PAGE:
Sunday, October 04, 2009

Operation Chaos, at a conclusion

Okay, Yankees, now you're on you're own.

I wonder: whatever happened to those people who made a living building those metal television portables, those metal carts with plastic wheels that were used to move a TV from the living room to the bedroom?

I do remember, back in the old house on Second Street, sneaking into my parents' room on a Saturday morning and quietly rolling our RCA black-and-white out to the living room to watch "Kid Power" and "Hong Kong Fooey."

As soon as people decided that it was simply more convenient to buy a TV for every room that might want one, those TV cart people were out of business.

So I thought today, as I raced between Astro Girl's and my four TVs: I've got my own Sports Bar!

Living room: Texans vs. Raiders.

Den: Flipping: Giants vs. Chiefs (Eli et al. fantasy), and Patriots vs. Ravens (game of the day, by the way--defense bails out Brady's awful fourth-quarter management).

Kitchen: Tigers stroll to victory.

Bedroom: Twins stroll to victory.

So we move to a one-game playoff, with, for the Twins and Tigers, both pitching staffs (staves?) in the bully.

It cannot set up better for the Yankees.

First, a Central team whose pitching staff is torn to tatters by so many late-season cliffhangers.

Then, past that, the winner of the glamour Division Series, the Angel-Red Sox potential war.

Then . . . who? The Dodgers don't hit, the Phillies have no bullpen, the Rockies are the Rockies, and the Cardinals . . . well, there you might have a problem.

Tony effing Doubleday. He has out-thought himself out of more World Series than he's won, and he's been the father of more good-ideas-turned-crappy than any manager in history (twenty-one years ago, Tony Doubleday deemed that Honeycutt must pitch the eighth, and Eck the ninth, and every team since then has fallen into lockstep . . .)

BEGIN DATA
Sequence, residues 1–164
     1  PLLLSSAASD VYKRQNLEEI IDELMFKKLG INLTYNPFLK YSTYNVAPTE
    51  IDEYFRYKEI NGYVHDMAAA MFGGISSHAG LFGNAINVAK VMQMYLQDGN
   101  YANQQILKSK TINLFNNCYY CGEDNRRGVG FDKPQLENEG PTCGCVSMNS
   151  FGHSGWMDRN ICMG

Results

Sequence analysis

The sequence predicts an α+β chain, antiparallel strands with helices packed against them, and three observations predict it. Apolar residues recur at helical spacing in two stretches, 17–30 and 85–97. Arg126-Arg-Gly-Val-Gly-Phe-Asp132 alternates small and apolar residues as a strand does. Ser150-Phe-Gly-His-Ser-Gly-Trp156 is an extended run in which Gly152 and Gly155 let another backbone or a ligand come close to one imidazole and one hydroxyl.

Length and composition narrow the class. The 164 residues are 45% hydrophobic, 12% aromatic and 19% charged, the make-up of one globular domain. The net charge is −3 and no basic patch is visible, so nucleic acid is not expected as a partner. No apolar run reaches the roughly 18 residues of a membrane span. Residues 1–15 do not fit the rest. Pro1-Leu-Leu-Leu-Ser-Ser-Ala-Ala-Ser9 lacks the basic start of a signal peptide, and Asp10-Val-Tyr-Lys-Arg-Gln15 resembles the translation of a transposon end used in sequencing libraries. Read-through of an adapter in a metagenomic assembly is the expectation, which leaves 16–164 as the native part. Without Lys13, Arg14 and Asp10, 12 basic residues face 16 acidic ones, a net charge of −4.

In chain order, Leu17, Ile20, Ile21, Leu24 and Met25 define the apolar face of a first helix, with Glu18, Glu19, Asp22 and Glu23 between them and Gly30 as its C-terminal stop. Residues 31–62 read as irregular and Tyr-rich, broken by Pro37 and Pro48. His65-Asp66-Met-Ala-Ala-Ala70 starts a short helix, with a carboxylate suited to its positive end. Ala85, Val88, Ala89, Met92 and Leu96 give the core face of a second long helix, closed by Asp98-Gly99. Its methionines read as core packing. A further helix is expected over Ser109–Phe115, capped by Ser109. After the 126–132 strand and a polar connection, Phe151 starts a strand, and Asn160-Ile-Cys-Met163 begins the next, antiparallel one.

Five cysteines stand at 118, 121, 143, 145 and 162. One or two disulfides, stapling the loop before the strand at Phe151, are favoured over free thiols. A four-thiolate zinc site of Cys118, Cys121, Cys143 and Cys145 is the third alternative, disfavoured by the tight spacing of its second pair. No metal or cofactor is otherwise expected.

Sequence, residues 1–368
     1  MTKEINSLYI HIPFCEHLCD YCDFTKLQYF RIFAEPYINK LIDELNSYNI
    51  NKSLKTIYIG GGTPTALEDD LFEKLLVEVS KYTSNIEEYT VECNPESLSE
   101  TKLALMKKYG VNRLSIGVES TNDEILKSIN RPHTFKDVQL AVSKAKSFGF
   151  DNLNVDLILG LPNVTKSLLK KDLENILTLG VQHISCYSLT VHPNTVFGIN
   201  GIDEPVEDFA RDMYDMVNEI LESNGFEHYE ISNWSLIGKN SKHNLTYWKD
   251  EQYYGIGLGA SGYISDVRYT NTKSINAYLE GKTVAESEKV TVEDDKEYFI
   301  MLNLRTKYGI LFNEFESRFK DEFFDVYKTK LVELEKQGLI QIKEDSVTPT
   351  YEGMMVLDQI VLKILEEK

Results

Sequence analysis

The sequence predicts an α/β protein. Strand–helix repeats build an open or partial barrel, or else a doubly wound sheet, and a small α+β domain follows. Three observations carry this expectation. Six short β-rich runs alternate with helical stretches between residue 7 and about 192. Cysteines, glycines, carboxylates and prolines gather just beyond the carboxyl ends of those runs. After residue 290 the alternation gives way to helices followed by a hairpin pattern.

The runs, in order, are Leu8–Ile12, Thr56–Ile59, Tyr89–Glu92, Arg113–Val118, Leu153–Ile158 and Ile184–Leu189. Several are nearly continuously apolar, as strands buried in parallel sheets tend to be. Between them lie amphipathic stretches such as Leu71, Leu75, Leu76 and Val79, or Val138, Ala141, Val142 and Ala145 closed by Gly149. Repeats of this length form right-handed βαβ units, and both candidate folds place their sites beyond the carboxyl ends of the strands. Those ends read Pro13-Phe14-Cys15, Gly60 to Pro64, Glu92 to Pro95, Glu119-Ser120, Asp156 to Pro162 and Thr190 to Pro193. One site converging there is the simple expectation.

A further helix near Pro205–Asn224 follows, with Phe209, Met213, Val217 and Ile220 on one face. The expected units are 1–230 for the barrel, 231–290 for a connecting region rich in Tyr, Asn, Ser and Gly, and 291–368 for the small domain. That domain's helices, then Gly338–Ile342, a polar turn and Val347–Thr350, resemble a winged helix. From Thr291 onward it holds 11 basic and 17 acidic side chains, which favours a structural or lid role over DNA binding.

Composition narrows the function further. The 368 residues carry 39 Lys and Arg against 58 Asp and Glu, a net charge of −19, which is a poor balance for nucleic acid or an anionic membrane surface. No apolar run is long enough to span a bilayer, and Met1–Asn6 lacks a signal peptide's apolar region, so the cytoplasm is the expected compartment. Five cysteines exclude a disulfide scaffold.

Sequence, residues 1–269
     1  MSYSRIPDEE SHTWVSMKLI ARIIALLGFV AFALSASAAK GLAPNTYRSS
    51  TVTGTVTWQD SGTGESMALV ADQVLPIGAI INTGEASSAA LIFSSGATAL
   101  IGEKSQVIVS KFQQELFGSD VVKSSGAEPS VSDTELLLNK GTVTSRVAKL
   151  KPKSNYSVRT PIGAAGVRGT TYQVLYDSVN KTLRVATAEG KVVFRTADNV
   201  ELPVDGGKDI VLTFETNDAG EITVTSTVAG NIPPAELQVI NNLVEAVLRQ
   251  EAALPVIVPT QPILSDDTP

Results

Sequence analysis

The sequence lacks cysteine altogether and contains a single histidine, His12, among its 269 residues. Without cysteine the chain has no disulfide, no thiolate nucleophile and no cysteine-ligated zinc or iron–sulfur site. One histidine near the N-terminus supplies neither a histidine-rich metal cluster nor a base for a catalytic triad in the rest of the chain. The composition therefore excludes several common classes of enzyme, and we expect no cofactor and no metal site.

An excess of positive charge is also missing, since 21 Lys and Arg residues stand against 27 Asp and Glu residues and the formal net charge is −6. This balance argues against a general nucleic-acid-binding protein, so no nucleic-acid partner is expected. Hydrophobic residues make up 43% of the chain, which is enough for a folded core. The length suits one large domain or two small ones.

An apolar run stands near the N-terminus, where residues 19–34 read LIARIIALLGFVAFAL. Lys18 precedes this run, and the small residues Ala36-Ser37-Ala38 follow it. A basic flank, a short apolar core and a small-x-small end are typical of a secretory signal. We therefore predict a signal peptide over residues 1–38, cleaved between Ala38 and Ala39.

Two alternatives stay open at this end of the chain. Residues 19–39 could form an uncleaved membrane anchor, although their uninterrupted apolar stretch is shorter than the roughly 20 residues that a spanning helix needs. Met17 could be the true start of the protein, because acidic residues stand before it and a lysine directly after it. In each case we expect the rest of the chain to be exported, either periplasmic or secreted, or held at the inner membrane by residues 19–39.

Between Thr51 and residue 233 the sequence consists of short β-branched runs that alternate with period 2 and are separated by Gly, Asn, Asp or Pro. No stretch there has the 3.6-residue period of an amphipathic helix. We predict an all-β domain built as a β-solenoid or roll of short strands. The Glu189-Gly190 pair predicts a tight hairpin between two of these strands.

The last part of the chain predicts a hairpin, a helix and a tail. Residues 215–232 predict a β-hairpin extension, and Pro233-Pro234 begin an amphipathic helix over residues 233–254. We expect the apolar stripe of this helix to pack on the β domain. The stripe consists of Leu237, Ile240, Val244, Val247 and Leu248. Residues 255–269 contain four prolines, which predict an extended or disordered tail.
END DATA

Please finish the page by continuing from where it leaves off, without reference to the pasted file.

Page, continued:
(. . . And I'm not saying he's wrong on principle, only does that have to rule have to be ironclad, from here to eternity? Wilcy Moore was the relief ace for the '27 Yankees (only the greatest team of all time, and featuring, beyong Ruth, Gehrig, and Lazzeri, two starting pitchers who made the Hall of Fame, and a third--Urban Shocker--who should be there); and Joe Page was the "closer" for Casey Stengel, and both of them were brought in multiple times with multiple innings to go. In a tight game, in a pennant race, Casey had no problem bringing in Page in the third or fourth. In Game Four of the ADCS, with the Yankees facing elimination, Billy Martin brought in Sparky Lyle to retire the last 15 Royals for the win, and then come in the ninth for the win the following night. The following year, in the historic 1978 Yankee-Red Sox playoff game (aka The Greatest Game Ever Played) there is serious evidence that Bob Lemon considered sending Goose Goosage out to start, hoping he'd shut the Sox down for three innings, then bring in Guidry. As it was, Lemon started Guidry, but put Goose on notice: if Guidry was knocked out of the first, Goose would be the first man out. Go with your best. That was the rule, right up until Tony Doubleday discovered Honeycutt adn Eck.)

Well, if the Yankees can't beat the winner of the Tiger-Twin cage match, I give up.

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